Roosevelt Dime Comes Home

Roosevelt Dime, officially based in Brooklyn, is visiting Cafe Nine this Friday for night of its trademark American rhythm and blues. But in a very real sense, it’s also playing home turf.

“We had started to play in Connecticut a lot before I moved here,” said Eben Pariser, who handles vocals, electric guitar, and harmonica in the band and lives in East Rock with his wife — fellow musician Molly Venter — and son, born just this past September. Roosevelt Dime, made up of Pariser, Andrew Green on five string banjo and backup vocals. Tony Montalbano on drums and backup vocals, and Craig Akin on upright bass, played Arts and Ideas, CT Folk’s concert series, and the Outer Space. It also appeared at other venues around the state, and is talking about doing something at the Acoustic in Bridgeport.

Kate Reeder“Never done Gathering of the Vibes,” Pariser said. “Why have we never done Gathering of the Vibes?”

Originally from Maine, Pariser moved to New Haven over two years ago. Before that, he lived in Brooklyn for nine years. He worked in a neuroscience lab in Rockefeller University studying vocal learning in songbirds, and is a co-author of a paper that appeared in Nature Neuroscience in June. He also built a strong community of musicians in New York, playing with “some of the best horn players in the city,” Pariser said.

But “I had literally exhausted that experience,” Pariser added. “Definitely exhausted with paying more than $1,000 a month for my half of the rent.”

Morever, the band was no longer a local band, as it was traveling ever farther from New York City for gigs. Its tour dates in the near future will take the group from New York to Maine to Vermont and back to Connecticut.

His first view of New Haven, like many, was from I-95. His eye was drawn to the row of taco trucks at Long Wharf.

“What is this place?” he recalled thinking.

Molly Venter, his wife, had a much clearer idea what New Haven was. She had grown up in East Rock, the daughter of Josiah Venter, who — in addition to being a bank executive — had been director of the New Haven Development Corporation, chairman of the Technology Investment Fund of New Haven, director of the New Haven Symphony Orchestra, and a member of the Finance Committee of Yale New Haven Hospital. Josiah passed away in 2011. Molly and Pariser moved into the house where she was raised.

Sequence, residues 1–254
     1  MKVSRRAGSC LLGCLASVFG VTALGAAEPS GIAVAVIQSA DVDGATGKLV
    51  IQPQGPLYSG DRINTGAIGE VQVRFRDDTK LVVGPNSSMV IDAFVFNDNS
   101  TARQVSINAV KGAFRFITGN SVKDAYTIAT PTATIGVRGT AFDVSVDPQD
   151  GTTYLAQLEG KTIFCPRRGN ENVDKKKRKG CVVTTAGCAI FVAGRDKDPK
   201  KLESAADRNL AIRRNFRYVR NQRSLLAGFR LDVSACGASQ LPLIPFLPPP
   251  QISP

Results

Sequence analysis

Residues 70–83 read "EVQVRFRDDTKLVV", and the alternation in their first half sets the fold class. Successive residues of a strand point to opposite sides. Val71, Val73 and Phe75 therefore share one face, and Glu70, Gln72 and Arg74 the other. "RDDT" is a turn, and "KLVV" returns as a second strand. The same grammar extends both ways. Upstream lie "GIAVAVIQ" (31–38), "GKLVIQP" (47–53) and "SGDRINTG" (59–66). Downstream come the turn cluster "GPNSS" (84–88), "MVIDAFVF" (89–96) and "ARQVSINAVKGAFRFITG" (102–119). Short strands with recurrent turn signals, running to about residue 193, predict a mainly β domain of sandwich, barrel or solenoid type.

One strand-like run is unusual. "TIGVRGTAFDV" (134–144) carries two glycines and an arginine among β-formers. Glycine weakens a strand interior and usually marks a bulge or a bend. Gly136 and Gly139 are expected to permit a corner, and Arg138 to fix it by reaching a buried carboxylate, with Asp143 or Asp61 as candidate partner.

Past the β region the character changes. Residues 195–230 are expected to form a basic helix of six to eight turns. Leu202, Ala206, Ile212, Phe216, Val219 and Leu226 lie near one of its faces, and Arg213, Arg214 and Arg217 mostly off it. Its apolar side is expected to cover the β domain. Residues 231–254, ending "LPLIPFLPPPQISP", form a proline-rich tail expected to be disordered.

It took Pariser “less than a year” to find his way into New Haven’s music scene, though “I still have a lot of work to do—I’m connecting to a lot of people all the time,” he said.

More generally, moving from Brooklyn to New Haven has “dramatically improved my work and life,” Pariser said. It allowed him to stop working at Rockefeller University and devote all his energy to music.

“I never was able to make my full living from just music in New York and I can here,” Pariser said.

What’s the day-to-day routine like when Pariser isn’t touring? “Wash diapers. Practice for a few hours. And then tend to managerial and business issues for the afternoon. And then I take the baby so my wife can rehearse. Sometimes I manage a game of pickup soccer in Rice Field,” which he lists as one of his favorite places in the city. The soccer games “bring together people from Africa and South America to play with graduate students. Rice Field connects the city in a wonderful way there—between Fair Haven and East Rock.”

“The ease and opportunity is sort of more how I imagined bohemian New York to be,” Pariser said.

Pariser and Venter will be touring together as Goodnight Moonshine, a newer musical project for both of them, in between Roosevelt Dime tours. For the show this Friday at Cafe Nine, those who buy tickets in advance will get all their recorded music for free, a gift from the band to their singer’s adopted home.

“My gratitude every day is beyond my wild imagination of just how nice life could be,” Pariser said.

 

 

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